Nextgov reported Monday that the USAF's research organization had issued a request for a vendor to provide the service with wargame modeling for scenarios featuring directed energy weapons "to determine if and how well AFRL/RD and industry technologies can help address warfighter needs and gaps including complementing current fielded technologies and those under development by others," the request states, referring to the lab's Directed Energy Directorate (RD).

"Distributed wargames provide a method of working with warfighters to develop tactics, techniques and procedures - TTPs - and concept of employment - CONEMP - to utilize these AFRL/RD and industry technologies to meet the warfighter needs and gaps," the request continues.

Prospective contractors must submit their capability statements to AFRL by August 19.

Directed energy weapons have become a key battleground in the emerging arms race both on Earth and in space, with the Pentagon testing a variety of both offensive and defensive weapons as other countries such as Germany, the United Kingdom, and China rush to develop their own.

India has also tasked its new Defense Space Agency with carrying out space war games simulations, in part to explore questions similar to Washington's about the how's and what-if's of directed energy weapons in war.


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Raytheon has been contracted by the U.S. Air Force to produce high energy laser weapon systems that will be field tested for about a year.

The $23.8 million contract, announced Friday by the Department of Defense, covers two HELW systems for experimentation and fielding against unmanned aerial system threats for at least 12 months.

Field assessment of the systems will be conducted outside the continental United States, with work under the deal expected to be finished in November 2020.

The systems consist of 10-kilowatt lasers mounted on ground-based vehicles, and the Air Force said they can be useful against the small drones used by the Islamic State, as well as against a variety of other attack drones -- including drone swarm concepts many countries, including the United States, are working on.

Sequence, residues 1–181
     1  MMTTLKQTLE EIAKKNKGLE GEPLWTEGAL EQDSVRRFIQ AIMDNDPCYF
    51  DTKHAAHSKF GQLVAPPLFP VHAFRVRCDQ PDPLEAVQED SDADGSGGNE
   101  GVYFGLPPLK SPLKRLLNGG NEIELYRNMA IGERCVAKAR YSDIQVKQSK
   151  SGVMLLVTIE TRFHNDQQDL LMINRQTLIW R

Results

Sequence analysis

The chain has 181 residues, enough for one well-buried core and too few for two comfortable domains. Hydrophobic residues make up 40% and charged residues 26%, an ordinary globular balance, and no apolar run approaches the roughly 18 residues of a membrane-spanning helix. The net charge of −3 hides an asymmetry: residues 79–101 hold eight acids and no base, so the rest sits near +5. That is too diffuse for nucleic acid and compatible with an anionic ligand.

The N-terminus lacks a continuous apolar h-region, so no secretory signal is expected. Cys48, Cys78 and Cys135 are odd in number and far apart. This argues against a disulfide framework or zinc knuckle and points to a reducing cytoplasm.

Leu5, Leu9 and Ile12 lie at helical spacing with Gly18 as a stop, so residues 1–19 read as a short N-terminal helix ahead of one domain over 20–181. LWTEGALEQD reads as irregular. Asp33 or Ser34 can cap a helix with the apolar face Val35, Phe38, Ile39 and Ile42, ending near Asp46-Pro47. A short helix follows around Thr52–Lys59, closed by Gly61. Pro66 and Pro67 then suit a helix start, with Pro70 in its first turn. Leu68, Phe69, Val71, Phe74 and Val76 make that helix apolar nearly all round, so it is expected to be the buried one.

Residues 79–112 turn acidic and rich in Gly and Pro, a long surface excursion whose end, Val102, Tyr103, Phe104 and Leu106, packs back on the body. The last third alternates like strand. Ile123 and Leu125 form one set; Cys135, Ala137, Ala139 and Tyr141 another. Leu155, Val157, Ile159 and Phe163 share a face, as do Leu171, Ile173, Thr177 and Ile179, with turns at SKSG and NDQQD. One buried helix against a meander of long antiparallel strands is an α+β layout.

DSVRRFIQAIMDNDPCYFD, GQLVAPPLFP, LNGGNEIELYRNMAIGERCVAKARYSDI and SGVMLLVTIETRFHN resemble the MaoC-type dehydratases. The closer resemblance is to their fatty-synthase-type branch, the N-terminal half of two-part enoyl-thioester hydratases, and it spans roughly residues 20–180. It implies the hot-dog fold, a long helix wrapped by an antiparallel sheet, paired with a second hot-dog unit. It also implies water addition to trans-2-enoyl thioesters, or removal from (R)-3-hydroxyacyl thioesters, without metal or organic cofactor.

"The fact that it's a laser weapon allows you to put energy in target at the speed of light," Michael Jirjis, leader of the Air Force's directed energy experimentation projects, told the Washington Post. "It can be an instantaneous heating event."

The HELW system uses invisible beams of light to track and target hostile drones as part of Raytheon's multi-spectral targeting system, which the company said has logged more than four million operational flight hours. The system is mounted on and operates from a Polaris MRZR all-terrain vehicle.

The Air Force is currently working with Raytheon on two heat-based systems -- a laser and a high-power microwave -- with the two-prototype order as the first operational field assessment of the weapons.

The Air Force announced plans to push forward on developing the weapons after successful testing in 2018 and early 2019.

"Right now, we need to put capability on the field and see what's being offered," Jirjis told Air Force Magazine in April. "Eventually, we'd like to move these systems to a low-rate initial production, but there's a lot of learning that still needs to be done before we get there."